Is tax reform good for real estate? Part two

by Peter Miller31 Aug 2017
In part one of this article, we examined the types of reforms being proposed and the potential loss of the property tax deduction. Now we look at the mortgage interest deduction and the main issues with current proposed reforms.

Neither the Ryan plan nor the Trump proposal eliminates the mortgage interest deduction. In fact, they both keep the MID visibly in place.

However, if you look very carefully, the mortgage interest deduction will disappear for millions of homeowners. Here’s how the new MID rule will work if one of the current proposals passes.

“We are going to double the standard deduction so that a married couple won’t pay any taxes on the first $24,000 of income they earn,” says the White House regarding the Trump plan. “So in essence, we are creating a 0% tax rate for the first $24,000 that a couple earns.”

“The larger standard deduction,” it continues, “also leads to simplification because far fewer taxpayers will need to itemize, which means their tax form can go back to that one simple page.”

Get it?

The standard deduction under the Trump proposal will be so large that most households will not itemize. Where is mortgage interest written off? On Schedule A, itemized deductions. If most taxpayers don’t use Schedule A they’re not taking the mortgage interest deduction. They can take the mortgage write-off in theory but in practice it will make more sense for most taxpayers to take the far-bigger standard deduction.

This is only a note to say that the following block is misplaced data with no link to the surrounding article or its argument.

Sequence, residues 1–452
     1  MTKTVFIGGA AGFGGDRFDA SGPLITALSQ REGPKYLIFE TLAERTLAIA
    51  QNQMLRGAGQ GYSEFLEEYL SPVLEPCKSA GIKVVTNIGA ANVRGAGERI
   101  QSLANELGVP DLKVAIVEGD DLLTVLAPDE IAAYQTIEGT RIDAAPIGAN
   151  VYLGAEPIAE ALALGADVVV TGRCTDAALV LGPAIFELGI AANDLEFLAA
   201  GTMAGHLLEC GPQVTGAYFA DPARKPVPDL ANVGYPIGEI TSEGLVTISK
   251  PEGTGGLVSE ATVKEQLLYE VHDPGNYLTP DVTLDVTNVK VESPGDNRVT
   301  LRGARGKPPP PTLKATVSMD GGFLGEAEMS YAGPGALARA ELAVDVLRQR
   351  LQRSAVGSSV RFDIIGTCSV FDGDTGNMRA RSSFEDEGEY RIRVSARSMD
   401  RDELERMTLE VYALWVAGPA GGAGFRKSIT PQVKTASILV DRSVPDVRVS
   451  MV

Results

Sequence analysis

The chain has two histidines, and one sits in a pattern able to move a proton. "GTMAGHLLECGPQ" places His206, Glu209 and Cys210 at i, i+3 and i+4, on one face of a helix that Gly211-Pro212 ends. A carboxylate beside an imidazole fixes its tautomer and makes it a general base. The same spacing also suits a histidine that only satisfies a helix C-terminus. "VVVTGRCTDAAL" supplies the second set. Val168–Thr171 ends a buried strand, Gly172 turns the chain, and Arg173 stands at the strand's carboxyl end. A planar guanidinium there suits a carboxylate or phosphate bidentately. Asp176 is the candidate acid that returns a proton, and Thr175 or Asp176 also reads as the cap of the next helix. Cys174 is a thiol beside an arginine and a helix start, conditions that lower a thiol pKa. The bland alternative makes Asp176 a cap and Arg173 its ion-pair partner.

The Ryan plan offers a similar approach. It proposes a standard deduction that will be “$24,000 for married individuals filing jointly, $18,000 for single individuals with a child in the household, and $12,000 for other individuals. These amounts will be adjusted annually for inflation.”

The result, according to the Ryan plan, is that “far fewer taxpayers will choose to itemize deductions, with the vast majority of taxpayers finding they are better off by taking advantage of the larger, simpler standard deduction instead.”

Again, few people will take itemized deductions in such a scenario.

Why does it matter?

One problem for real estate under the Ryan and Trump proposals would be the loss of write-offs worth more than $1 trillion over ten years, about $100 billion a year.

A study for the National Association of Realtors by PWC, a major consulting firm, estimates that between FY 2018 and FY 2017 write-offs for “mortgage interest and property tax deductions would fall from $1.3 trillion under present law to $232 billion under the comprehensive tax reform option, or by 82 percent.”

But is this really a big problem? Do people buy homes specifically because of the benefits of the mortgage interest deduction? There are any number of other reasons including status and ego but surely tax write-offs are a big attraction.

“The tax benefit is a big difference between renting and owning, and has been a big benefit of homeownership,” said Rick Sharga, executive vice president at Ten-X.com, the online real estate marketplace. “Having the mortgage interest deduction has enabled some renters to become first time home owners, and helped others afford bigger and more expensive homes for their families. Eliminating the deduction at a time when home prices and interest rates are both trending up could have a material impact on affordability for many consumers.”

The Ryan and Trump plans strip away one of real estate’s most important selling points, the ability to lower housing costs through ownership tax deductions. Should such proposals pass a major distinction between ownership and renting will be largely gone. If that’s the case, owning will effectively be less enticing than in the past, a reality which will slow home sales. With fewer buyers in the market there will be less pressure to raise prices, less equity to refinance, plus with fewer transactions and lower values state and local tax coffers will be starved. All in all, not good news for the housing market.


Related stories:
Is tax reform good for real estate? Part one
 

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